A big chunk of this rally has been built on hopes of Tax Reform. Now that is about to become a reality, what is the market going to hang its hat on? What do we have to look forward to? Some market pundits speculate corporate tax cuts will lead to a surge of reinvestment and hiring. That argument claims economic growth will pay for the tax cuts, but I’m suspicious. Over the last few years we have seen record amounts of corporate profits given back to shareholders in the form of dividends and stock buybacks. If these companies already have more money than they need for reinvestment, giving them even more isn’t going to change anything. Of course new dividends and stock buybacks will boost the stock market and as stock traders, that is what we care about. But as far as stimulating economic growth, I wouldn’t count on it.

At this point it seems like most of the Tax Reform upside has already been priced in. We will see a pop when the final deal is struck between the House and Senate, but we are talking about a handful of percent, not tens of percent of upside. And maybe a lot less if recent weakness devolves into a sell-the-news event. Risk is a function of height and at these record highs, the market has never been riskier. Tread carefully.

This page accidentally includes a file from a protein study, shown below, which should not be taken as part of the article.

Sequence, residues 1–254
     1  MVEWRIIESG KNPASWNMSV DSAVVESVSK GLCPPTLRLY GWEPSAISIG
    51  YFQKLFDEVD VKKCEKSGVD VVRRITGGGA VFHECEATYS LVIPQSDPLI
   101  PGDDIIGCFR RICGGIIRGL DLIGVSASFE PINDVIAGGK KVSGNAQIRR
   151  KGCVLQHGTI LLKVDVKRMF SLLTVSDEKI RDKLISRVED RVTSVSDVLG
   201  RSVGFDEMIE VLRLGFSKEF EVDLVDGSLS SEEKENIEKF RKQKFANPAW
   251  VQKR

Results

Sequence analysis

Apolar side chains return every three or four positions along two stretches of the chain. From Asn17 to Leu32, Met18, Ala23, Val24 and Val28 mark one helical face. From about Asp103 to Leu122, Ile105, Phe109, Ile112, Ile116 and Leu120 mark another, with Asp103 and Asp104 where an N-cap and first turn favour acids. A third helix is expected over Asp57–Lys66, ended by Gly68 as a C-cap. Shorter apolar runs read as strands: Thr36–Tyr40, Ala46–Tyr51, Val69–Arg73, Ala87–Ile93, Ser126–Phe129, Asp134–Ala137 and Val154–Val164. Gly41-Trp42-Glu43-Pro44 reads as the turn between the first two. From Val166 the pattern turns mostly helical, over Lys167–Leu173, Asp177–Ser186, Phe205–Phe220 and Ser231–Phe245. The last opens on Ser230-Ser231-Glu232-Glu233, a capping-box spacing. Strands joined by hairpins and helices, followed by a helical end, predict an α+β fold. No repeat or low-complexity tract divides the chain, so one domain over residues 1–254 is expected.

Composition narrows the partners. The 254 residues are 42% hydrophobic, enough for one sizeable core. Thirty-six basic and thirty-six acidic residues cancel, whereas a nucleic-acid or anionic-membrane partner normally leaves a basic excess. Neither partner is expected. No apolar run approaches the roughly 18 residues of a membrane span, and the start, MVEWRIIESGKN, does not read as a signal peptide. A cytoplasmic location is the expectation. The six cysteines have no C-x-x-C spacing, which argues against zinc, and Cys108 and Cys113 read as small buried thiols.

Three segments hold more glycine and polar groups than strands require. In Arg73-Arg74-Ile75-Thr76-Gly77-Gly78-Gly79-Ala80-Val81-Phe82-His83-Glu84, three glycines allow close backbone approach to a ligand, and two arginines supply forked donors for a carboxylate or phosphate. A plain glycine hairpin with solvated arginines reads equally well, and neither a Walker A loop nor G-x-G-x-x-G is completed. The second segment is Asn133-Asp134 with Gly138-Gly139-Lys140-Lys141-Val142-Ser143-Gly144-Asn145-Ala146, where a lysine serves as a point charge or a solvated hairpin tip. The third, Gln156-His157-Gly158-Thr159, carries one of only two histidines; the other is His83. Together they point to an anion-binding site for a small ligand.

Jani

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Dec 04

CMU: How many stocks you should trade

By Jani Ziedins | Free CMU

Cracked.Market University

A question I frequently get from readers and subscribers is what percentage of their portfolio should they allocate to each trade. While only a licensed investment advisor can give a specific answer after conducting a thorough interview with each investor, I will share some of the basic concepts involved in making this decision.

Most people are familiar with the saying, “don’t put all your eggs in one basket”. If you drop that basket, then you lose all of your eggs. The same principle applies to the stock market. There are plenty of unknowns in this world and any one of them could trigger a debilitating blow to your account if all of your money was concentrated in a single stock. A management scandal or shockingly bad earnings report could devastate your savings overnight.